Colorado Parks and Wildlife, the agency tasked with managing the state’s wild animals and several other outdoor activities, is urging mountain residents to take down decorations and store yard equipment that can cause problems for wildlife with consistently warm temperatures now behind us.
Recently in Durango, for instance, a young buck deer became tangled in a hammock, which broke off an antler and part of its skull. A resident reported seeing the deer, but wildlife officers were not able to locate the animal.
“When we looked at the antler, we knew the deer had sustained a very serious injury,” Matt Thorpe, wildlife manager in Durango. “Deer can end up with almost anything on their antlers. We’ve even had deer with bicycles on (them).”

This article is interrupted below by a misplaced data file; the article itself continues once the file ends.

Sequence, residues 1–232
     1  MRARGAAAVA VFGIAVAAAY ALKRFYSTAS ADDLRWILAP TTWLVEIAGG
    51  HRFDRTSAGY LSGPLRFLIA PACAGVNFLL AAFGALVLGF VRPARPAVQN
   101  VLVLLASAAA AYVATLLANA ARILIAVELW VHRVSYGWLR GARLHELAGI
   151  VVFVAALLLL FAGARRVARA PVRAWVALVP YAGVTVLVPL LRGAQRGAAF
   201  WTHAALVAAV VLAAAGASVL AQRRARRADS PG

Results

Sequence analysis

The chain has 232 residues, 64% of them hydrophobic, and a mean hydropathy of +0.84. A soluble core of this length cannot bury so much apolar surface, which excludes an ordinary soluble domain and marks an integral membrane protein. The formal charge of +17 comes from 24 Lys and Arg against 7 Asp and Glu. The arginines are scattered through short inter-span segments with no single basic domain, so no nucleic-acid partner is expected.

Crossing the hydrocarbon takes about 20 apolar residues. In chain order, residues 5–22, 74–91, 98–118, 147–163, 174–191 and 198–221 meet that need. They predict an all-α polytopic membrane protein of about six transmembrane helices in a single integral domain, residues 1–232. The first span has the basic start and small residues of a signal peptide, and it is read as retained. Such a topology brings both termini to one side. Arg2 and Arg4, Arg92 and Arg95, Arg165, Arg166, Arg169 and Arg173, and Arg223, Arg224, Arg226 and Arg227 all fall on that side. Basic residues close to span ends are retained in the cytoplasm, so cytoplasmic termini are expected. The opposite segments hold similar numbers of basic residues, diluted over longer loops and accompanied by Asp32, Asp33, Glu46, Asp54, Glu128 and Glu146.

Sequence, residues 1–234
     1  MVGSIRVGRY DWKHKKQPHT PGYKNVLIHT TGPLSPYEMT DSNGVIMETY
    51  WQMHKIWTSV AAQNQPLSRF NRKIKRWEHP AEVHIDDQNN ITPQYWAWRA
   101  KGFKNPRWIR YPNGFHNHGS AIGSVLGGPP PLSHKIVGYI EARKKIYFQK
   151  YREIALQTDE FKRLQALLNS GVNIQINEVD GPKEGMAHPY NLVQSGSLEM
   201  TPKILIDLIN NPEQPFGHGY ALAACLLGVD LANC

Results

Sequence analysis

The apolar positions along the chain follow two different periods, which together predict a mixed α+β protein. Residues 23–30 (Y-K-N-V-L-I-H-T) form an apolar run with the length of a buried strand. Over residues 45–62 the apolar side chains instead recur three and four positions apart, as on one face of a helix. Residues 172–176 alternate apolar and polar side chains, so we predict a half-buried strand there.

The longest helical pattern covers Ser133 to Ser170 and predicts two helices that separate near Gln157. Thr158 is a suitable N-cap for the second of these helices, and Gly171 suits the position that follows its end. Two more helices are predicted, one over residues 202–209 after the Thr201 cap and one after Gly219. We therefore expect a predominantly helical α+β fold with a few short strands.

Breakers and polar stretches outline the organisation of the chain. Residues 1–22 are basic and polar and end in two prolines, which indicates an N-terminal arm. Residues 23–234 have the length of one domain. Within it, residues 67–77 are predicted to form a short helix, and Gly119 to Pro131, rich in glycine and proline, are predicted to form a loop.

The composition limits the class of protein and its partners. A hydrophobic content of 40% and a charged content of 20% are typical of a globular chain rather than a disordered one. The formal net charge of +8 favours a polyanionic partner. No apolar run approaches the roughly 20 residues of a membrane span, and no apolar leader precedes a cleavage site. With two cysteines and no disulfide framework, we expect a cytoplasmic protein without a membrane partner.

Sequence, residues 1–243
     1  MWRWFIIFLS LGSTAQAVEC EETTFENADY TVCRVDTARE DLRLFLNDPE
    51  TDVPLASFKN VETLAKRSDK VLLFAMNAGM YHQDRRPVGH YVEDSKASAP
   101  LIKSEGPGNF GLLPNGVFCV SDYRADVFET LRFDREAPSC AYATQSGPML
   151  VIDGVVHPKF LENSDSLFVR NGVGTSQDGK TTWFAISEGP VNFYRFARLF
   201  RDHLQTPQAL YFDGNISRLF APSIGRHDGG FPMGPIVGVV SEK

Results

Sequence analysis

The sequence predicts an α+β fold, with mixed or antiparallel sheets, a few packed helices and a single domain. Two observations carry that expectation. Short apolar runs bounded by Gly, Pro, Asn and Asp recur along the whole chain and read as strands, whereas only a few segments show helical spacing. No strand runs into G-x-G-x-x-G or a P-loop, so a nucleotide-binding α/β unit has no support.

During this time of the year, buck deer are especially active because the mating season is approaching. It’s not uncommon for CPW to receive calls of deer, moose and others getting caught in volleyball nets, swing sets, clothes lines, garden fencing and other yard decorations. Therefore, those items should be stored for the winter, or at the very least covered and secured.
Every year holiday lights also end up on the heads of horned animals. To help avoid the problem, lights should be attached tightly to a building, post or fence and not just draped over trees or shrubs. CPW recommends hanging lights more than 6 feet above the ground to prevent an unexpected disappearance of these expensive ornaments.
If you spot an animal ensnarled in any netting or decorations, please call local law enforcement, or your nearest CPW office. For Summit County, that’s Hot Sulphur Springs at (970) 725-6200. Do not approach wildlife or attempt to remove the items yourself. An animal does not understand that you are trying to help it and can be very dangerous in that type of circumstance.